Peter Hinssen addressed politicians and policy-makers in the Flemish Parliament on 7 February to make them aware of the technological wave of disruption that is overwhelming us. He warned us, Europeans, that we are on the brink of completely missing the boat on the technological revolution if we are not about to show more decisiveness and nerve. Large economies like the UK, but especially China, are in the middle of an up and up and companies in the technology sector are heading the list. One thing is clear: now it's time to act proactively because this is just the beginning of this wave.
Education: ripe for disruption?
Prior to his reading, Hinssen asked his followers through social media what topics he should definitely tackle. He was inundated with responses. What takes the biscuit, though, is the fact that nearly 80% of the responses were about education. Subsequently, he showed a fresco from the 13th century that displayed an auditorium. The similarity with today was striking: a professor standing in front and teaching a group of listening students. Nevertheless, our world has completely changed in the 700 years since then. Nobody knows how the future will look like, which is what Hinssen was arguing as well, but there is one thing we can be mathematically sure of: our life will have to be one of lifelong learning. Learning new things and unlearning old things over and over again. This is the only way to surf on the wave of change and for our skills to follow the speed of technology.
The importance of lifelong learning
Flanders does not know a tradition of lifelong learning. We are dwelling somewhere at the bottom of the list in European statistics and we remain far below the EU-standard of 15% participation in lifelong learning. Once we graduate, we start working and would prefer never to return to a school desk. We are strongly convinced that we all have to achieve (the highest possible) diploma at the start of our school career and that this is all there is to it for the rest of our lives. Colleges and universities also offer few possibilities for working people to continue to learn. Rightly so, Hinssen questioned the role of the government.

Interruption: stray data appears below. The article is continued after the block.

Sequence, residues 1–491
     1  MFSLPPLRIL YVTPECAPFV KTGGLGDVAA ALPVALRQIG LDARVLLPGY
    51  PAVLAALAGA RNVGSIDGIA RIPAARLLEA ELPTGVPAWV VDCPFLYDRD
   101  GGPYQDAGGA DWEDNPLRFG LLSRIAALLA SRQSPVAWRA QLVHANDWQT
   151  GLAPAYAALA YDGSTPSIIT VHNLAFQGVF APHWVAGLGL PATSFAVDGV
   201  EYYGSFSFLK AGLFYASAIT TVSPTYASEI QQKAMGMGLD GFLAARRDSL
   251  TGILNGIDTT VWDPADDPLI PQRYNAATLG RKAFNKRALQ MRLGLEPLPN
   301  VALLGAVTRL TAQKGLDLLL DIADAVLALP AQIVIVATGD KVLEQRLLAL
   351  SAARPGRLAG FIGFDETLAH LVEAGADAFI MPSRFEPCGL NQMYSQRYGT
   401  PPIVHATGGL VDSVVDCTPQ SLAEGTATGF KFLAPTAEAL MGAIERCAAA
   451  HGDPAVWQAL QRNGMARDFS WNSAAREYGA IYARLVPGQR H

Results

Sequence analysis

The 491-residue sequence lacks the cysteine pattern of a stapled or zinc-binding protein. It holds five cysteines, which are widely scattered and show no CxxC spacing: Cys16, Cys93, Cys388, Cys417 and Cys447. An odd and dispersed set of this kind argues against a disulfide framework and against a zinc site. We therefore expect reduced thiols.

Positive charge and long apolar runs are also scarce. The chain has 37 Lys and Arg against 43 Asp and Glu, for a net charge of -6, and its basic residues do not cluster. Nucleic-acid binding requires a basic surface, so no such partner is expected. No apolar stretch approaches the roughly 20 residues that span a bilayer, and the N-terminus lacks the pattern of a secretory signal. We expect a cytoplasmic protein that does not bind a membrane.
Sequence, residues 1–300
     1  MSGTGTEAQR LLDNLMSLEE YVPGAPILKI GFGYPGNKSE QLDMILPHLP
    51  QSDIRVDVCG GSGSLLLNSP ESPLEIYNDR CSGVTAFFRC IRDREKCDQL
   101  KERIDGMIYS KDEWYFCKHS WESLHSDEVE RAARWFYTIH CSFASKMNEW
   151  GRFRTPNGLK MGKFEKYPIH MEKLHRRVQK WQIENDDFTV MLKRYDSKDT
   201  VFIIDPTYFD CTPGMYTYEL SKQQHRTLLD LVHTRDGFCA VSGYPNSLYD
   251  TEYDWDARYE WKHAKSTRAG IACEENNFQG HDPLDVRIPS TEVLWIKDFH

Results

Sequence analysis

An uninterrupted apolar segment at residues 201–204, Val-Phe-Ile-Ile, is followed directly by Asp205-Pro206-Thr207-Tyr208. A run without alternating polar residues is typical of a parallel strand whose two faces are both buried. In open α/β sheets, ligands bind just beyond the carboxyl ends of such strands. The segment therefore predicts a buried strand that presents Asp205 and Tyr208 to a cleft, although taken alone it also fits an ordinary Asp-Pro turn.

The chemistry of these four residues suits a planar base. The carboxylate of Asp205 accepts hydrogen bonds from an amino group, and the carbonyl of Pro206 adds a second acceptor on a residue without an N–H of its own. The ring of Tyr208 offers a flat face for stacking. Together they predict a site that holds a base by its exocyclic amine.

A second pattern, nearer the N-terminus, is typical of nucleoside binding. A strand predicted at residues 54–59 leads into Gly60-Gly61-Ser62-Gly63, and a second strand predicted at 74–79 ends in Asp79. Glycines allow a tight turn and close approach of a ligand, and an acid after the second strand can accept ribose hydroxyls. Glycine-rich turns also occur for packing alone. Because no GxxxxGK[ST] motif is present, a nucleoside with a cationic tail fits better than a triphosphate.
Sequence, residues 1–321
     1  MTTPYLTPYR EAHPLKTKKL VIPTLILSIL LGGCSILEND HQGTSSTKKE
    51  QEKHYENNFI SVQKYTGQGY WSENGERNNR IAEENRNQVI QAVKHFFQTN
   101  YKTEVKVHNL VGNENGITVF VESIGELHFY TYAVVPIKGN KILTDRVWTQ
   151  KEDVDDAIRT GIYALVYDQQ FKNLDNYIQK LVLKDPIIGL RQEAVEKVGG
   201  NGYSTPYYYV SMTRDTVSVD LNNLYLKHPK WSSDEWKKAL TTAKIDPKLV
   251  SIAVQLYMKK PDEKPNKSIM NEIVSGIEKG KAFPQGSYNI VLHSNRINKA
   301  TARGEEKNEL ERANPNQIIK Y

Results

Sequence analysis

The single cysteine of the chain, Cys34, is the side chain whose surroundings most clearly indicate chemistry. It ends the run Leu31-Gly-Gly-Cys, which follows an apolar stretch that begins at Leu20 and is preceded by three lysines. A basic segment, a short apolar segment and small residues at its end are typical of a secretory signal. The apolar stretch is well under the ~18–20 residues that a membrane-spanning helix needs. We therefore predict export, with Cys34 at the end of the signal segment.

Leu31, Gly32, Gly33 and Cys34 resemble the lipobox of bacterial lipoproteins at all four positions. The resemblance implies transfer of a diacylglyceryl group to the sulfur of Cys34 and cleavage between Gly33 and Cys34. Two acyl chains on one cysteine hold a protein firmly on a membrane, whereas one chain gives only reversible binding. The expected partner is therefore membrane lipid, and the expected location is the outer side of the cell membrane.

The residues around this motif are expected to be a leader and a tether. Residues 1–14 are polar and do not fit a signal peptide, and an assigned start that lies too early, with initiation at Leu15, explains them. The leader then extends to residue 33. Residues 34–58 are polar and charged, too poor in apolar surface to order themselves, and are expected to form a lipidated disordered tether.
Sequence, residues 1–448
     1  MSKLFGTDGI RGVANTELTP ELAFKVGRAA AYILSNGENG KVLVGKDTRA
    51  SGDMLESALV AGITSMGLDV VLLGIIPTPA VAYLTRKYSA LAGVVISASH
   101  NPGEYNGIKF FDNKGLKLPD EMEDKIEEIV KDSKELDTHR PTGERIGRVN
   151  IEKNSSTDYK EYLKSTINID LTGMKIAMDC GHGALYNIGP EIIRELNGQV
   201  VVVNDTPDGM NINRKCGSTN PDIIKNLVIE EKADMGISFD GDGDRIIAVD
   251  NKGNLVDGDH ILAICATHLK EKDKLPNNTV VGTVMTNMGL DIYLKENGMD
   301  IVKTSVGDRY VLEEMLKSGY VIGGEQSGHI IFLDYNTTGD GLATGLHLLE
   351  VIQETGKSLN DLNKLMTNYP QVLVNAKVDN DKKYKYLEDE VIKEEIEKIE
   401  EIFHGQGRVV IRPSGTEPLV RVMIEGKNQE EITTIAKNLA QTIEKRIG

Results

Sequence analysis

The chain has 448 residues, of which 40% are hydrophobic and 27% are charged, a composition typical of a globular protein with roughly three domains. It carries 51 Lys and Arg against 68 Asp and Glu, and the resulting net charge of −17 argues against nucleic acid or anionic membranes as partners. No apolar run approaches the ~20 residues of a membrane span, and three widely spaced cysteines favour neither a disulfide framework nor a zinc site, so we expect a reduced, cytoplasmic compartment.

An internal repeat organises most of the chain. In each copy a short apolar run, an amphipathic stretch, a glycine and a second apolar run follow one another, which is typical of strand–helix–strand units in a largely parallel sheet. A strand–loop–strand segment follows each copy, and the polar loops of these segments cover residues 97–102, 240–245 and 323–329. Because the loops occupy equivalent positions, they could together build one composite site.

It's time to launch lifelong learning. This is what needs to happen:
Source: Dekocker, V & Sodermans A-K (2018) Leren duaal leren, Acco
Institutionalise a system of lifelong learning with:
- Appropriate financing. The Flemish model where people themselves are responsible for their learning career through a package of measures such as educational leave and career checks appears to be insufficient. Shouldn't we think of another financing model? The United Kingdom has recently implemented a reform where the companies get the financial means to educate their people instead of the schools. In addition, dual learning is strongly stimulated there so that the working people can continue to learn while they (continue) to work and earn.
- Use of new technologies. The opportunities offered by artificial intelligence, virtual reality, big data and block chain are enormous, but they are underutilised.
- Personalise learning. A Dutch study by STT asked experts from the education sector, the business world and science what the future of learning holds. It is anticipated that by 2020-2030 the majority of students will have a digital assistant that accompanies them in the long term and teaching them to learn, that big data analysis of previously acquired knowledge will lead to fully personalised learning programmes, that teachers will evolve from experts to learning coaches, and that half of the universities will offer a free and open online learning platform.
- Make it dual. It appears that employees are better at lifelong learning in countries where dual learning is strongly embedded. The statement brought forward by Van der Werfhorst is the fact that the dual education method encourages students to continue to learn on the work floor. They learn, as it were, to learn on the work floor which is nothing but advantageous throughout their career.
- Make the system self-learning and flexible. A system of lifelong learning will only survive if it succeeds in leaving room to keep reinventing itself time and again, to keep adjusting to unite the fast-changing environment and different parties (employers, students and training providers) with one another.
What are we waiting for? It has become urgent and necessary that politicians and policy-makers focus on the day after tomorrow instead of engaging in day-to-day problems. We have a gigantic potential of knowledge, but it is high time that we focus on a new learning model that ensures that people remain adaptive. Because, actually, today is already the day before yesterday.
The above blog was originally published in Dutch before being translated into English.